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See and Avoid

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Article Information
Category: Loss of Separation Loss of Separation
Content source: SKYbrary About SKYbrary
Content control: EUROCONTROL EUROCONTROL

Description

"See and Avoid" is recognised as a method for avoiding collision when weather conditions permit and requires that pilots should actively search for potentially conflicting traffic, especially when operating in airspace where all traffic is not operating under the instructions of ATC.

"See and Avoid" is included by the US Federal Aviation Administration (FAA) in Regulation 14 CFR Part 91.113 (b) as follows:

"When weather conditions permit, regardless of whether an operation is conducted under instrument flight rules or visual flight rules, vigilance shall be maintained by each person operating an aircraft so as to see and avoid other aircraft. When a rule of this section gives another aircraft the right-of-way, the pilot shall give way to that aircraft and may not pass over, under, or ahead of it unless well clear."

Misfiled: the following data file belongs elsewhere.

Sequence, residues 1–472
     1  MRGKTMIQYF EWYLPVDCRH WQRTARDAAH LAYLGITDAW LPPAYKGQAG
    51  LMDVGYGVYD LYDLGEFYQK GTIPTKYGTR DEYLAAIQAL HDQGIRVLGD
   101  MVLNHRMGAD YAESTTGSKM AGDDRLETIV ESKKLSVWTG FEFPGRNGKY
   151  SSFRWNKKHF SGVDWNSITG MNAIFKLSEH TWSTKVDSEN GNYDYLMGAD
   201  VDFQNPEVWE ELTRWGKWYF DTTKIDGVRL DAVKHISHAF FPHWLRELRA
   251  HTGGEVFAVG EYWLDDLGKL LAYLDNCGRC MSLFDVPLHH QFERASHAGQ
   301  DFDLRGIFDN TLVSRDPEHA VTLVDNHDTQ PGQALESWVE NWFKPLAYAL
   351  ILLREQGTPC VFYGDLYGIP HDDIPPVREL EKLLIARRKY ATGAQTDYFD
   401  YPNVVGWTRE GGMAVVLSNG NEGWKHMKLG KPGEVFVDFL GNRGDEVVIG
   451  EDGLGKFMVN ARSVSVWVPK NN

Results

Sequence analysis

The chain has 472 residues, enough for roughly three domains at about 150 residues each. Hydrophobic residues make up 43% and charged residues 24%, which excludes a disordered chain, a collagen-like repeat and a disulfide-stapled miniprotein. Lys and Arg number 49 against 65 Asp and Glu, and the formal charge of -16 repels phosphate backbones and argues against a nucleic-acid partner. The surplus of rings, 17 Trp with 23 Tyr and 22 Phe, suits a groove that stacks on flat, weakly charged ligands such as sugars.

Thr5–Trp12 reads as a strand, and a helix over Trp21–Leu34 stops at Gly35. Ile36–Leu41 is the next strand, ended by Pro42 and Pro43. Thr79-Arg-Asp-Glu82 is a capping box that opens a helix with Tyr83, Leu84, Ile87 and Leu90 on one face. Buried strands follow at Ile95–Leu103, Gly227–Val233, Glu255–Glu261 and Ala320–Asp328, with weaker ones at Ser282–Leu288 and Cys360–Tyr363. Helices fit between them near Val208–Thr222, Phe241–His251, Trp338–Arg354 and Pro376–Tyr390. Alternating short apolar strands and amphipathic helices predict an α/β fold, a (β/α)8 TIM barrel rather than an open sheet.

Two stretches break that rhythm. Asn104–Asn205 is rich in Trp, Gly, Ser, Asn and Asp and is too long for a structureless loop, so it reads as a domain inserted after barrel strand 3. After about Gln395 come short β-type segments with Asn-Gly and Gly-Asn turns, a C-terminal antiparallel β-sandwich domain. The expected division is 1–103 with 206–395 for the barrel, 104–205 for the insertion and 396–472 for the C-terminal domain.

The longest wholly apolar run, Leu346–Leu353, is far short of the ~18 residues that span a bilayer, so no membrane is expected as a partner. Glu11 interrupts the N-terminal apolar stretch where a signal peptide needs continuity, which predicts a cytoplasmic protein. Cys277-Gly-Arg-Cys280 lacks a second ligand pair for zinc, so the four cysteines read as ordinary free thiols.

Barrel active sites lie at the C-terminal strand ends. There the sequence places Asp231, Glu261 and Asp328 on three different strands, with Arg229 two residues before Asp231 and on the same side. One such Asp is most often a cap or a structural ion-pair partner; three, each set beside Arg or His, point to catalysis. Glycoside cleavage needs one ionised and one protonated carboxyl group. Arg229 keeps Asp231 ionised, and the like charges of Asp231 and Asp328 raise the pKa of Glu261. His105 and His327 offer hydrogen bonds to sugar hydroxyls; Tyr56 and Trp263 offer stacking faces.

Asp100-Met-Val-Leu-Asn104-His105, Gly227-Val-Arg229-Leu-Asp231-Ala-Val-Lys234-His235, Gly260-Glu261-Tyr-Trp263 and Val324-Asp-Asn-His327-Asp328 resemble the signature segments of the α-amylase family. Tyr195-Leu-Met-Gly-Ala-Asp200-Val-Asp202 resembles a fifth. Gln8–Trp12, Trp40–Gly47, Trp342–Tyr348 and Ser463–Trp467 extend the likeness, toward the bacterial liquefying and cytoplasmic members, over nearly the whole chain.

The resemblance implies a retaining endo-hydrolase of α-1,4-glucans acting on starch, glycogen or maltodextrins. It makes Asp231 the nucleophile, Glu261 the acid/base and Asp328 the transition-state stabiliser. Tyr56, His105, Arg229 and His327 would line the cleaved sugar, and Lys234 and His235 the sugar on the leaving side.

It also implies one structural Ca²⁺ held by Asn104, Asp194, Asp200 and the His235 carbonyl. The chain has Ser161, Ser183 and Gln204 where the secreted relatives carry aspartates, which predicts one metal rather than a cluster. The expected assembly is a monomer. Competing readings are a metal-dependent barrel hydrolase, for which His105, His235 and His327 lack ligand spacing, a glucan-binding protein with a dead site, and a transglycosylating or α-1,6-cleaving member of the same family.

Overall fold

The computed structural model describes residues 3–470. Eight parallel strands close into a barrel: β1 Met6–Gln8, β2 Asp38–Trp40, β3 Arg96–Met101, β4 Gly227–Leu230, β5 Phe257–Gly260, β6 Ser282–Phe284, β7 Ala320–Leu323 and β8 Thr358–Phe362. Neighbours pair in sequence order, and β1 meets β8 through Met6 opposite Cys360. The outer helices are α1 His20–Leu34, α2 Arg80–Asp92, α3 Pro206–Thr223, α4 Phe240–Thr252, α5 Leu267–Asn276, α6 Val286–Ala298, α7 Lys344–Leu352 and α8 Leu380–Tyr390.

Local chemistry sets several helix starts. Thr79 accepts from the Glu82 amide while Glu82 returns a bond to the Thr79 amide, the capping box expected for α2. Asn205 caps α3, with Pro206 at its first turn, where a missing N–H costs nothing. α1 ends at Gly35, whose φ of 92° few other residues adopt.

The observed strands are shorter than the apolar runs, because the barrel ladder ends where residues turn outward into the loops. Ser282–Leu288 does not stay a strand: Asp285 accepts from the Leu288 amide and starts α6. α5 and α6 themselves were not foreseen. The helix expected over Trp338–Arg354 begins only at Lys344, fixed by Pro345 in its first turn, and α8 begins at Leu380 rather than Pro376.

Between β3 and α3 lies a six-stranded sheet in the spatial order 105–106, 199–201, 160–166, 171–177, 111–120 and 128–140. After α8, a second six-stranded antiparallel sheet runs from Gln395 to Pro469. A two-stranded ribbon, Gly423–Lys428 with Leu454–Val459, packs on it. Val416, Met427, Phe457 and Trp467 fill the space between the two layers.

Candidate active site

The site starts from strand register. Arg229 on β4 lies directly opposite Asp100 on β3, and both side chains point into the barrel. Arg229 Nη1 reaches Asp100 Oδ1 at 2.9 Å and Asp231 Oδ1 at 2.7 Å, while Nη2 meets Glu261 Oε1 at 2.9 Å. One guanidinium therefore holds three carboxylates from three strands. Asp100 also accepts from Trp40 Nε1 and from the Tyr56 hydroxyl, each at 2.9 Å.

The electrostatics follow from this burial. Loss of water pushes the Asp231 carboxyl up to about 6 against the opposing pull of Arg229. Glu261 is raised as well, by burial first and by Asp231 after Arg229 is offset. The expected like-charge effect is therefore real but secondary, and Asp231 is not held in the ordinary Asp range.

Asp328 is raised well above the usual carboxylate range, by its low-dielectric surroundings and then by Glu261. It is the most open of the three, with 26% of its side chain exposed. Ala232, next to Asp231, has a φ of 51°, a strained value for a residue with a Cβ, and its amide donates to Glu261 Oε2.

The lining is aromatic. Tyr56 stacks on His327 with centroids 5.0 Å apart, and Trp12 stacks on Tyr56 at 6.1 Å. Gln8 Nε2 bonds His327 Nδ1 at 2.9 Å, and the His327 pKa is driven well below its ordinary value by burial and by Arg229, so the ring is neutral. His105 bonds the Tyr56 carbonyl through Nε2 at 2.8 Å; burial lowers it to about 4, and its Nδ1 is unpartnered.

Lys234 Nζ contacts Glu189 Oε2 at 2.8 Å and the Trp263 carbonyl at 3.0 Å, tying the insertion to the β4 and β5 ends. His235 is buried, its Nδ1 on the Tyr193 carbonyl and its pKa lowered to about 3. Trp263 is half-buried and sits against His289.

Skills for "See and Avoid"

"See and Avoid" requires the application of:

  • Effective visual scanning
  • The ability to gather information from radio transmissions from ground stations and other aircraft,
  • Situational Awareness, and
  • The development of good airmanship.

Effectiveness of "See and Avoid"

The high speed of modern commercial aircraft has called into question the adequacy of the "see and avoid" principle for such traffic and an article published over 10 years ago by the Flight Safety Foundation questions its relevance. Reference to it It is rarely found in the Operating Procedures of most air carriers since they operate mainly in Controlled Airspace.

However, it is important to slower aircraft, especially in any Class 'G' uncontrolled airspace and in busy airspace where ATC does not providing separation to VFR traffic.

Related Articles

Further Reading

EGAST

FAA

Flight Safety Foundation

Australian Transportation Safety Bureau

  • Limitations of the See-and-Avoid Principle, which concludes that "The see-and-avoid principle in the absence of traffic alerts is subject to serious limitations. It is likely that the historically small number of mid-air collisions has been in a large part due to low traffic density and chance as much as the successful operation of see-and-avoid".